In Practice

Complementary medicines: When regulation results in revolution

Liezl Fourie, Frasia Oosthuizen, Karen du Toit

Abstract


Medicines have evolved over time and so has the realisation of the importance of quality control and regulatory processes. The regulatory practices include all the steps from the development and manufacture of the active ingredients until the medicines reach the consumer. The Medicines Control Council (MCC) is mandated to regulate medicines in South Africa. Complementary medicines were previously perceived to be unregulated, although the Medicines Act does not distinguish between allopathic and complementary medicine. As the era of unregulated complementary medicine ended, the requirements in terms of dossier content left many role-players at odds. However, the MCC has a mandate to ensure that the registration of a medicine is in the interest of the public and that complementary medicine is manufactured in a facility adhering to good manufacturing practice, according to which efficacy and safety are supported by reliable data with a known shelf-life.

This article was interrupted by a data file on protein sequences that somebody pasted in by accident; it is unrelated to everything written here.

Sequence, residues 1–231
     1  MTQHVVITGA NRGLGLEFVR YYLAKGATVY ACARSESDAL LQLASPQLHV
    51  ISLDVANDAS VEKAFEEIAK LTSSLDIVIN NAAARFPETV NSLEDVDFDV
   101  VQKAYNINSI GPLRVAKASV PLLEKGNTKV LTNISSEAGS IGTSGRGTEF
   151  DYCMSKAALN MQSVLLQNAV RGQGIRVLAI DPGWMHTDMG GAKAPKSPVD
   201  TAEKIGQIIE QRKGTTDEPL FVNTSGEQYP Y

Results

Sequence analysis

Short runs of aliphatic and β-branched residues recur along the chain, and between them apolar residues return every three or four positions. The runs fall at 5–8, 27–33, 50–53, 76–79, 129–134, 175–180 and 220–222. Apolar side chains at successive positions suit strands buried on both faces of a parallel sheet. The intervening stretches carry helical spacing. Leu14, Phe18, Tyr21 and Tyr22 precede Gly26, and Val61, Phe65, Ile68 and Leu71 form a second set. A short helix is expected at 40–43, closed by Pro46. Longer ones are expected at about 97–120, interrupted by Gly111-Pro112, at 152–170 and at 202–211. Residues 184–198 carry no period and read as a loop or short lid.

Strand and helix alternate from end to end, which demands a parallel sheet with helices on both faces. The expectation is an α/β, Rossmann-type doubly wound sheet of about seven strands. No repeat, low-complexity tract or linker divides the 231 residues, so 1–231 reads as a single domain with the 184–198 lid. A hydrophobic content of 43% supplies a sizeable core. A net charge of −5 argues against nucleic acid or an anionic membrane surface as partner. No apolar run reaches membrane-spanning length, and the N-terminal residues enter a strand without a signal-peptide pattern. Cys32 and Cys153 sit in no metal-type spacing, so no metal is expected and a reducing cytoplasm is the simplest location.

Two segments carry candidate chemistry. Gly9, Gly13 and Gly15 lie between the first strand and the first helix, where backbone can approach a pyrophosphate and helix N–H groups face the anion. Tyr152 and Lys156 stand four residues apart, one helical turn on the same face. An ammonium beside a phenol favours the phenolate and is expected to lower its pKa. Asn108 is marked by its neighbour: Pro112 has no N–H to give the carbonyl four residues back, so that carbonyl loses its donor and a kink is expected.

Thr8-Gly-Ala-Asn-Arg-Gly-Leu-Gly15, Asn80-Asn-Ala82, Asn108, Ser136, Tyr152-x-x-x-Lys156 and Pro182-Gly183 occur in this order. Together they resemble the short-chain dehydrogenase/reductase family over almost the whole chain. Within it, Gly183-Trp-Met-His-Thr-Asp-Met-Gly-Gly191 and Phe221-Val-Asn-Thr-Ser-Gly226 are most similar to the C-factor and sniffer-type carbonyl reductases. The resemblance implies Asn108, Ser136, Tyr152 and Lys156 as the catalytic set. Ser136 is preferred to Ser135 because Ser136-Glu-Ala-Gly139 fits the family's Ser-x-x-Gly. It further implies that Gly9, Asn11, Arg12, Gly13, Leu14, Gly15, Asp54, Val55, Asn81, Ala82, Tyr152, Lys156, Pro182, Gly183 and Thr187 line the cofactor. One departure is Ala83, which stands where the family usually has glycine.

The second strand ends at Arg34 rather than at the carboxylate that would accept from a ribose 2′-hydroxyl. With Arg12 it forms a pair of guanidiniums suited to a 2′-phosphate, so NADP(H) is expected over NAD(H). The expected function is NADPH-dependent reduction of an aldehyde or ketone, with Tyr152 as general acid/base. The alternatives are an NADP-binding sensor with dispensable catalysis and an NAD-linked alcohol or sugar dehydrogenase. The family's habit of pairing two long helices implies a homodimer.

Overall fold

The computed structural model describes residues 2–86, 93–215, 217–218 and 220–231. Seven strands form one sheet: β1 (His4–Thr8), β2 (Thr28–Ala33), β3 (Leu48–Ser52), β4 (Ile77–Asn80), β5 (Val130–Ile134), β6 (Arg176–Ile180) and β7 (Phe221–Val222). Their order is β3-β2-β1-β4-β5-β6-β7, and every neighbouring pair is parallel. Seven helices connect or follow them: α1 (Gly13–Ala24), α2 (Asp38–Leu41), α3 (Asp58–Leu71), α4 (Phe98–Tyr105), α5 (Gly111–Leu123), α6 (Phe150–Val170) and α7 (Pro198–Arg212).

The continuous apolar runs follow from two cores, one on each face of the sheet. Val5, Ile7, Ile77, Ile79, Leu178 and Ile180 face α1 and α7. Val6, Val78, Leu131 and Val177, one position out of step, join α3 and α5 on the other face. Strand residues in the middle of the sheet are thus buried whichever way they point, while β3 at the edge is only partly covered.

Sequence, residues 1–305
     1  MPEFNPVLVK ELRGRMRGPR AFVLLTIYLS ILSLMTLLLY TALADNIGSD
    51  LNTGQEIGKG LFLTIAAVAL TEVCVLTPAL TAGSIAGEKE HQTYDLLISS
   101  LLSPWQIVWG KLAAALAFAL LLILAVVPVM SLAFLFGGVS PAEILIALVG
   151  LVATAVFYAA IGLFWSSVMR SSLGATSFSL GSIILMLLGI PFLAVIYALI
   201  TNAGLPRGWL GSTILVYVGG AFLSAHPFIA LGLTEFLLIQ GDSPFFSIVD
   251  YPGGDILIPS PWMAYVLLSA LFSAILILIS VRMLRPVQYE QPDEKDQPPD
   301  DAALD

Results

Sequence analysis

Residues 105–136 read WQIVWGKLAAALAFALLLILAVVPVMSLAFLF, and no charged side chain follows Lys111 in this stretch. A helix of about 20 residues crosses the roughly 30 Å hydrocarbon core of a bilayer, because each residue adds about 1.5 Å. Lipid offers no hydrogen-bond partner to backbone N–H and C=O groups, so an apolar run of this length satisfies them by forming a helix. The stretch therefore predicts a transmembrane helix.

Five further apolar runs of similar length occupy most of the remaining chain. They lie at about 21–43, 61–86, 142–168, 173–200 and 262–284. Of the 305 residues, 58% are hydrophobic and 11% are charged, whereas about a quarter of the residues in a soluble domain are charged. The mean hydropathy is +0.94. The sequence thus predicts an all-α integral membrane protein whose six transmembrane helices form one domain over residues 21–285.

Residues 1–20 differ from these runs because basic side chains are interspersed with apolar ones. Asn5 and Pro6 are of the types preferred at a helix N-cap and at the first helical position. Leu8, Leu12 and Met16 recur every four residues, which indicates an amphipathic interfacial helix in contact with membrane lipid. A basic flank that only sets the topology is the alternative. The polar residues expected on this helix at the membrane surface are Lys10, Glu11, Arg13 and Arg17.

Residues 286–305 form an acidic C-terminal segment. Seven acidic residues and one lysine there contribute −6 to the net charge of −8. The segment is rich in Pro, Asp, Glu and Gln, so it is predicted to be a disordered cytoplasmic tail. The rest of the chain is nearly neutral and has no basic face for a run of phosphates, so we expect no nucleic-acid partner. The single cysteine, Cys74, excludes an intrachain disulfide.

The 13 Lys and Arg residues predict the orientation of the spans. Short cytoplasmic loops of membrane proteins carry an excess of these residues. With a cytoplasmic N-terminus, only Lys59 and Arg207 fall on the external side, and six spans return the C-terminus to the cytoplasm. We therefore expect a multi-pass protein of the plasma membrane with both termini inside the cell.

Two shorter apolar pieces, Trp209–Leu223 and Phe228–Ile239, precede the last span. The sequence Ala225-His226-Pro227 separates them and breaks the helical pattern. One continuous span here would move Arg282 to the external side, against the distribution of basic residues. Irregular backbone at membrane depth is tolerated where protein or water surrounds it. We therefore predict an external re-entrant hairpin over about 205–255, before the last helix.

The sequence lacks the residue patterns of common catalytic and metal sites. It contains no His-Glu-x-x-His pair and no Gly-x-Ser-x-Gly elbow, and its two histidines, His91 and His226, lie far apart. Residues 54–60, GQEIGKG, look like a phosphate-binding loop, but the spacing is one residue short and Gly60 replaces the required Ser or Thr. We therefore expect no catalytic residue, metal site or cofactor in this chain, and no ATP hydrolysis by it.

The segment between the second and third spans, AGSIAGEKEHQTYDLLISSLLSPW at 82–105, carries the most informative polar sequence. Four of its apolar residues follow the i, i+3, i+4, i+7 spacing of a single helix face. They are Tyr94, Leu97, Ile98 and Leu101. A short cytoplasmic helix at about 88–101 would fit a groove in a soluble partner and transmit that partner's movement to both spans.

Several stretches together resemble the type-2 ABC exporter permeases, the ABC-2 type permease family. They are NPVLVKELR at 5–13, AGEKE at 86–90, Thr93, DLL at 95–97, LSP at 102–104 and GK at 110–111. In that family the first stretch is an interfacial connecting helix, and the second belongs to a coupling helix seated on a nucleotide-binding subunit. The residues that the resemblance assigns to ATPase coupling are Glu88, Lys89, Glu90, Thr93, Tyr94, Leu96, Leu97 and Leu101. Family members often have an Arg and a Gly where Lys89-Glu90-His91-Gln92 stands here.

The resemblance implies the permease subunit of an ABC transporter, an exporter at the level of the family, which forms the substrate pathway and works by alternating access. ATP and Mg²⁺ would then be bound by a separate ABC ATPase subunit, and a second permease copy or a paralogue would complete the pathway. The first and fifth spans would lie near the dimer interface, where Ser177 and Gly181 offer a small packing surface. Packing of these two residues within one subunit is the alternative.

Authors' affiliations

Liezl Fourie, Discipline of Pharmaceutical Sciences, Faculty of Health Sciences, University of KwaZulu-Natal, Durban, South Africa

Frasia Oosthuizen, Discipline of Pharmaceutical Sciences, Faculty of Health Sciences, University of KwaZulu-Natal, Durban, South Africa

Karen du Toit, Discipline of Pharmaceutical Sciences, Faculty of Health Sciences, University of KwaZulu-Natal, Durban, South Africa

Full Text

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Keywords

Medicines Act; Regulations; Complementary medicines; South Africa; Medicines Control Council

Cite this article

South African Medical Journal 2017;107(6):483-485. DOI:10.7196/SAMJ.2017.v107i6.12055

Article History

Date submitted: 2017-05-24
Date published: 2017-05-24

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